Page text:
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Investing Articles

Trading Turn Dates

Trading is all about dealing with probabilities. When you have a method for calculating turn dates that produce a high degree of probability that the market will likely turn, it is important to understand how to properly deal with it.

 

Forecasting turns is not the same as trading. Forecasting is part of market analysis, not trading. Forecasting is all about dealing with probabilities, not trading. So where does trading enter into the picture?

 

Once you have the probability figured out to your satisfaction, you must then decide whether the information you now have in your hand can be exploited for profits. You must determine the potential for risk and what the minimum probable profit happens to be. When you have those two pieces of information, you can decide whether the risk is worth the reward.

 

When it comes to using TURN DATES for market timing and trading, some make the mistake of assuming that every turn date should be traded. This is far from ideal. In addition, some look at turn dates and start to anticipate that it will be a top or bottom in advance. Again, this is not ideal.

 

The ideal way to deal with TURN DATES is not to trade towards it, but following it. In other words, if you expect the market to turn on a particular date, and perhaps you expect it to be a bottom, it is best that you do not trade as if a bottom will occur unless you have some pretty good reason to believe so. If you are comfortable with following market cycles, perhaps you have that confidence. For most of us, however, TURN DATES are best used by trading FROM THEM, not TOWARDS THEM. In other words, wait until the TURN DATE arrives, and then you can see what it can or cannot form.

 

 


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For example, if prices have been dropping and a TURN DATE arrives, the obvious expectation is for a bottom to form. If you have evidence to suggest this is likely, such as noting price reacting off support, you'd want to be looking to BUY the market at that time. Another way is to WAIT until it confirms the bottom and then buy into the market.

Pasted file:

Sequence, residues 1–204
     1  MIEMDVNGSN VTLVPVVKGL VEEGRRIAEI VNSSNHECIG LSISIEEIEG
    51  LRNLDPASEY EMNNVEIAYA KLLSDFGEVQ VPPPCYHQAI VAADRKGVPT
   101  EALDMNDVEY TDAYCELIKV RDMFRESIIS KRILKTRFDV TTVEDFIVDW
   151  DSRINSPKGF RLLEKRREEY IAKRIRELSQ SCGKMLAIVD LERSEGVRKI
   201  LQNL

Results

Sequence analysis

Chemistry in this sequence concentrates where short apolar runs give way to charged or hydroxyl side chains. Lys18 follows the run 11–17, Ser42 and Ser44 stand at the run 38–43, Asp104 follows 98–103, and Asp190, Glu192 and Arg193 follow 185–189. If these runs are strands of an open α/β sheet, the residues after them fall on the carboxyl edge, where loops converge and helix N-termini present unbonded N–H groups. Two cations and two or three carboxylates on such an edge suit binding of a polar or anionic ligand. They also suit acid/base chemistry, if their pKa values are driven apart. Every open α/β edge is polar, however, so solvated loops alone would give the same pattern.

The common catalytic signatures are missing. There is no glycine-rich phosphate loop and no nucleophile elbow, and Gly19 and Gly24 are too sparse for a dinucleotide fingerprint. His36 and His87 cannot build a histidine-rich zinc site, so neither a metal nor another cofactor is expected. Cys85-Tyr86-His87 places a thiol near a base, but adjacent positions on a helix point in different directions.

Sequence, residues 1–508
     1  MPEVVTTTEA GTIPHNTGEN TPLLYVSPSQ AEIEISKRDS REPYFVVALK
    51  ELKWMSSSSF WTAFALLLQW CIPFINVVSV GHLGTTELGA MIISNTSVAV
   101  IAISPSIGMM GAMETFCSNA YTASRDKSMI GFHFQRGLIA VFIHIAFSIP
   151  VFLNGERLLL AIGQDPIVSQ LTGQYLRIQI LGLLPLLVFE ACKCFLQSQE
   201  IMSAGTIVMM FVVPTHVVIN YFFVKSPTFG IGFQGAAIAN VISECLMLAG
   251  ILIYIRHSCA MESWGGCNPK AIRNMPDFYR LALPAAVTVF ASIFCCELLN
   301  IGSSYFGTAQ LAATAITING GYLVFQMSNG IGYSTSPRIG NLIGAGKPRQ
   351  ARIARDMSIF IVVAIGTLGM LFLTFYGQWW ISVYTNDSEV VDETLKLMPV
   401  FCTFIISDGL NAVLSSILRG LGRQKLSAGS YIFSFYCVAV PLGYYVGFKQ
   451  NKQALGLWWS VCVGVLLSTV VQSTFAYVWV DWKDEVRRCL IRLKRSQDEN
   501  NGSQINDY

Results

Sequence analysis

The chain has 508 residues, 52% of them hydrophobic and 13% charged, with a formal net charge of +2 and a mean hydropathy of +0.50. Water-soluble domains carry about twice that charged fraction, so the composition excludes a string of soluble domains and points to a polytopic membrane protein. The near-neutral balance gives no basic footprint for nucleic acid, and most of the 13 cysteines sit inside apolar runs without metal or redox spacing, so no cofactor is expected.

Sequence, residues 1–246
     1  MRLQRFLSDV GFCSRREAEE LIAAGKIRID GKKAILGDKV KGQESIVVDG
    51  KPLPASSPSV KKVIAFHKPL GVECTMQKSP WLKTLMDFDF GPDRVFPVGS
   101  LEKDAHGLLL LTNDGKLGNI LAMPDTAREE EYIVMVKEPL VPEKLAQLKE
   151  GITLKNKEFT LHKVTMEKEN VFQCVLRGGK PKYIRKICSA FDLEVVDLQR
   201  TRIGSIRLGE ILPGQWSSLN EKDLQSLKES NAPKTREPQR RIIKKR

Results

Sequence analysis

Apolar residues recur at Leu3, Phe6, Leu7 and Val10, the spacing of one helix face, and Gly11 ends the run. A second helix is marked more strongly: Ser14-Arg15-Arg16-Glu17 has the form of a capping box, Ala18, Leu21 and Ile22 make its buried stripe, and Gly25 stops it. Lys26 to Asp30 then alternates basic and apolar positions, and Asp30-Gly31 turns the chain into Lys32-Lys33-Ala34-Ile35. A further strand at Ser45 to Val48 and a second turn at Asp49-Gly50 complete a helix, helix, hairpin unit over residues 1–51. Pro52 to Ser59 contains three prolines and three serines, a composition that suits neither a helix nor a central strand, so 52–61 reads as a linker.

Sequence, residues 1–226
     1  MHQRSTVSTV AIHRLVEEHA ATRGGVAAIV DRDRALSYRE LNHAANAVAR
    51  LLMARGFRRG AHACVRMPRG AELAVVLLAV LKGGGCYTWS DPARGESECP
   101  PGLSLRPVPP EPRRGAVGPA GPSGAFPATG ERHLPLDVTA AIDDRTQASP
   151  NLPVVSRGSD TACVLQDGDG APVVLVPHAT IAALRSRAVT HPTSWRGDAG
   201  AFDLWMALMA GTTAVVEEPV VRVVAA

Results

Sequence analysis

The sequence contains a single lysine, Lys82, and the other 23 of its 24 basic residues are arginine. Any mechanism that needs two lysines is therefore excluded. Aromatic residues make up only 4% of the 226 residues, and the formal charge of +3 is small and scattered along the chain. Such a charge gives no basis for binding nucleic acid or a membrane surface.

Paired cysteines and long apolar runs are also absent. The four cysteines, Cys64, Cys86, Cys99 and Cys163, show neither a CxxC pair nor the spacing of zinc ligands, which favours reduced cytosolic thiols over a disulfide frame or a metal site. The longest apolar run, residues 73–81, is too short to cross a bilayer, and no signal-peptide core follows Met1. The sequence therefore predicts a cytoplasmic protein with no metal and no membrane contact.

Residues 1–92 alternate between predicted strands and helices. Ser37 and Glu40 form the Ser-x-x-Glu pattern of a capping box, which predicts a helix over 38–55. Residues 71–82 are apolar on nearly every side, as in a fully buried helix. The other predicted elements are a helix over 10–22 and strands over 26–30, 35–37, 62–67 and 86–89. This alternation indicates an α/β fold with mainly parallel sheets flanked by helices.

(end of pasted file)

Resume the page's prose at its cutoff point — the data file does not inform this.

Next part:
It is dangerous, if all you are using are TURN DATES, to trade TOWARDS the date because you expect it to be a bottom (or top). Anticipating a bottom for a future turn date and then selling into the market because of that belief alone can be a quick way to lose a lot of money. This also includes TURN DATES that when calculated indicated a higher probability to be a bottom, or top. Just because the indication leaned strongly toward a bottom over a top (or the other way around), it is better to simply LET THE MARKET SHOW WHAT IT WILL LIKELY FORM when that time comes.

 

I cannot stress enough the importance of letting the market tell the story when it comes to using TURN DATES. When I trade using FDates, I may have some reason to expect the next FDate to be a top (or bottom). Expecting it to likely be a top does not indicate that I should buy the market. Rather, if I'm going to buy the market, it is because a bottom is forming or has just confirmed from an FDate. I'm going to trade FROM the date, not into it.

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